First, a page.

Consumer tests and product reviews

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What PSU to get in 2021?

Choosing the proper computer power supply is not always easy - our advice for buying PSU for a midrange gaming PC in 2021

power supply 2021

While researching computer power supply units for one of our recent PC builds we noticed that there is a huge confusion in choosing the correct PSU. Many consumers are getting all sorts of advice in the Internet forums and discussion but we are not quite sure you can get the best answers there.  For the same reason people are buying high-power and sometimes very expensive supplies that they might not need.

Today we will focus mostly in power supply needed for basic home configuration in 2021 and try to answer basic questions like "how much wattage do I need for my Ryzen 5 PC".  So...

How much power do you need for your home build office PC? 

Well, to start with the answer from the very beginning - not a lot. For an average office configuration powered by a mid-range Ryzen or Intel processor you will be more than fine with 350W PSU. Please note that this doesn't mean that you are going to pull anywhere near 350W from an office configuration with built-in graphics card. 

We just assume that for this type of computer you are not going to invest in the highest grade power supply (gold or platinum) and an average Bronze certified 350W PSU will give you somewhere around 300W stable supply throughout the day. 

Also, the average estimated consumption of such PSU with 1x SSD, 1x HDD and the usual peripherals probably will be around 100-150W on high load. Older processors and hardware parts tend to have higher TDB so these figures may vary depending on your configuration.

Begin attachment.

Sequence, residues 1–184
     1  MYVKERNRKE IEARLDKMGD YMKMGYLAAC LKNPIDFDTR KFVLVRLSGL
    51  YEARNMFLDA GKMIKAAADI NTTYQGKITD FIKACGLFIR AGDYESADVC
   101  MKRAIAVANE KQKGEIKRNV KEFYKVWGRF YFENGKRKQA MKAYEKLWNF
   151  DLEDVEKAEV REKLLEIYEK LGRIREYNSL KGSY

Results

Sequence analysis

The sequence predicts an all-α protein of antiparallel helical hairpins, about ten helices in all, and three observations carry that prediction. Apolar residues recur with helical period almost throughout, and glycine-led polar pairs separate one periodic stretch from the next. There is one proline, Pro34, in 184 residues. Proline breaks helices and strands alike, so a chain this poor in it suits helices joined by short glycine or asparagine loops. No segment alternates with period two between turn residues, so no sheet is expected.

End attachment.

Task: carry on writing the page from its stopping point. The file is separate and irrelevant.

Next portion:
Is 450W or 550W enough for an entry/average gaming PC?

2021 gaming power supply

For most cases yes, a decent 550W would be more than enough for an entry-level gaming PC in 2021. But for a higher demanding computers we would always advice to focus more on the quality of the PSU, rather than on its wattage numbers only.

Gaming and work computers which demand high power for longer periods work much better with quality Gold and Platinum certified power supplies and getting one will assure stable and continuous productivity of all hardware components.

CPU and GPU consumption - the test 

And to give an example of a midrange gaming configuration that we already tested with a 550W Gold certified Seasonic Focus GX-550 and ASUS Dual Radeon RX 5500 XT EVO video card. The processor we used is AMD Ryzen 3600X (tray) with aftermarket Arctic Freezer 34 eSports DUO CPU cooler.  And for most gamers this should be a pretty decent gaming configuration, especially considering the fact that this RX 5500 XT EVO card was mounted on a PCI 4.0 on a new ASUS TUF Gaming B550 motherboard and fast M2 NVMe SSD.

Seasonic Focus GX-550 power supply - video

While testing this Seasonic PSU which was a bit expensive we noticed that consumption on peak was nowhere near its limits of 500W. On heavy 4k rendering with Premiere Pro and couple of browser windows opened the Ryzen processor was on its max load while the video card topped around 80%. The average consumption pulled from this demand would be somewhere around 200-230W (50% CPU, 40% GPU, 10% peripherals). This ratio may turn in favor of the GPU in some games since in work modes and rendering it is usually the processor that bottlenecks or reaches its limits first. 

Ryzen master CPU

2021 PSU test

Still, even if these ratios differ in other configurations, you are most probably going to get very similar results. For example we may switch the card with Nvidia GeForce GTX 1650 or 1660 Super and Intel Core i5 and the consumption will be pretty much identical. 

For configurations with more powerful 8 and 12-core processor and high-end GPUs you can expect much higher wattage consumption but we are not discussing these configurations today.  

So, for an average modern $1000 gaming PC we are just fine with the Gold certified PSU and we also have some room for upgrade in case we decide to get newer and more powerful processor or GPU. 

"How much wattage do I need for my PC" - conclusion

The answer of this question will always depend on the components you are using. We shared our impressions with a midrange gaming PC in 2021 and we believe that any quality made power supply above 450W would be more than enough for the system we built. 

Before investing in new or upgrading your PSU we would always recommend to check the online PSU calculators which will give you a pretty good estimate of your needs. If still not convinced, please contact a computer specialist for additional help and advice.